Mon, Dec 17, 2018
Log in Register

Login to your account

Username
Password *
Remember Me

Create an account

Fields marked with an asterisk (*) are required.
Name
Username
Password *
Verify password *
Email *
Verify email *

January 2004 Board Meeting

Minutes of the Board of Directors Meeting of

The Rib Mountain Repeater Association

11 January 2004

Weston Fire Department Building, Weston Wisconsin

 

The meeting was called to order circa 19:45 by President KC9NW.

 

Present were, KB9VBR, KC9NW, and K9DB.

K9PT was absent with the flu, and KC9UC could not attend due to a prior commitment.

 

The first order of business dealt with a proposal by K9DB regarding the re-establishment of the 146.04/.64 repeater on Rib Mountain. The written proposal as submitted follows:

 

 

Proposed Modification to the RMRA Repeater System on Rib Mountain

4 January 2004

 

Proposal:

  • The RMRA should move to acquire from WAR the 146.04/.64 repeater allocation for Rib Mountain surrendered in 2003 by the WVRA.
  • The RMRA should install a second 2-meter repeater on Rib Mountain on this frequency pair. The transmit/receive antenna should be mounted on the northwest leg of the candelabra at the approximate 125-foot level on the RMRA bracket previously occupied by the Business Service Center.
  • A capability should be installed that will allow both repeaters to be linked or unlinked upon command.

 

Reasons for Proposal:

  • With the 146.22/.82 repeater antenna installed to the southeast of the east leg of the candelabra, a substantial amount of RF “shading” from tower support structure and feedlines can be expected to the northwest. The resulting antenna pattern nulls can be expected in both transmit and receive. A second repeater, with antenna lobe maxima pointed to the northwest will provide coverage in the nulls. When viewed as a single system, the two repeaters will accomplish omni-directional coverage using side-mounted antennas.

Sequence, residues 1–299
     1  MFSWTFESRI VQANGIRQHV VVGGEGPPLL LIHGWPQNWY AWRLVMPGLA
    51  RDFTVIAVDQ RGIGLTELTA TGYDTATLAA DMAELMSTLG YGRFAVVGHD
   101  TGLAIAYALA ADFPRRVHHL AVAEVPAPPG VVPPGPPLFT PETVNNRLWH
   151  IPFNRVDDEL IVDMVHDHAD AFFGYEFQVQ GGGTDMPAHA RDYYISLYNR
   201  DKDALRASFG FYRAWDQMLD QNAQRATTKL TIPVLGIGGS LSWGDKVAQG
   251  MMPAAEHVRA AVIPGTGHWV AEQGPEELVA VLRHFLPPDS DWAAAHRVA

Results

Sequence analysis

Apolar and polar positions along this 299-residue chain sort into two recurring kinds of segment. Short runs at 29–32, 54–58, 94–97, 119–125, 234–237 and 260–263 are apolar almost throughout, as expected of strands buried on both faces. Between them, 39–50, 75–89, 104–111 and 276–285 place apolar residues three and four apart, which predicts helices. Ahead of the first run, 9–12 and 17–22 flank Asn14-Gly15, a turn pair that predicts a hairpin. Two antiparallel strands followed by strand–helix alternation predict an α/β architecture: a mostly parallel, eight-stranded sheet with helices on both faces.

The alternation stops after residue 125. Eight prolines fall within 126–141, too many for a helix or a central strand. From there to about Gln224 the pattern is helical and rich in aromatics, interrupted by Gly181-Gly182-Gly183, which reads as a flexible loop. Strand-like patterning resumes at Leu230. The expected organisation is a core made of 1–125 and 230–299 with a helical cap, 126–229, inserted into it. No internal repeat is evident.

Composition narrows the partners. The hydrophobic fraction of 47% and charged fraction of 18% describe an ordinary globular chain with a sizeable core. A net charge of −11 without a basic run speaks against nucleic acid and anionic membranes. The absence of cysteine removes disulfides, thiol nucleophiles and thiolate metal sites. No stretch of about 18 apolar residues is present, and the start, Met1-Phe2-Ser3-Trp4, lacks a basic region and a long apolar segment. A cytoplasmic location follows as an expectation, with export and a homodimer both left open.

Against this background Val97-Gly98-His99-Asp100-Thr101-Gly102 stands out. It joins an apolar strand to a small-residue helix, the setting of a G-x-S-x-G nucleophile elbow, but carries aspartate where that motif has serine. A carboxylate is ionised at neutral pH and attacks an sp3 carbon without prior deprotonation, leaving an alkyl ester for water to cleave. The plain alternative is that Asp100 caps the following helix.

• Reactivation of the 146.04/.64 allocation for Wausau will prevent proximate systems on this frequency (primarily Juneau WI, Winona MN, and Hoyt Lakes MN) from increasing system ranges by power or antenna height allocation increases, thereby limiting the configuration and performance parameters of any future Wausau allocation of this frequency pair.

 

Operational Advantages:

  • During operations requiring wide area coverage such as severe weather, ARES, and other nets, the repeaters will be linked. Stations at all azimuths from Rib Mountain will have reliable transmit/receive access. User would have the option of operating on .04/.64, .22/.82, or run a non-standard split of .04/.82.

 

  • At times when the repeaters are not linked, the .04/.64 repeater will be available for local traffic, or non traditional programming such as IRLP, code practice,  NASA audio, news, lectures, etc.

 

Engineering Concerns:

Of primary concern is interference and subsequent degradation of the performance of the 146.22/.82 system. This interference, primarily 146.22 MHz receiver desense, can be mitigated by some or all of the following actions:

o  Maintaining vertical separation of the antennas. The antenna heights as proposed would provide about 160 feet of vertical separation.

o  Establishing horizontal shielding. By adjusting the angular position of the mounting brackets, the tower structure and commercial feedlines can be used to shield the two antennas from each other.

o  Reducing of power output of the 146.64 transmitter. The WVRA ran about 100 watts into the antenna. Initially, this transmitter could run 10 – 20 watts.

o  Employing more sophisticated isolation measures such as circulators, cavity filters, and digital filters could be used as funds become available.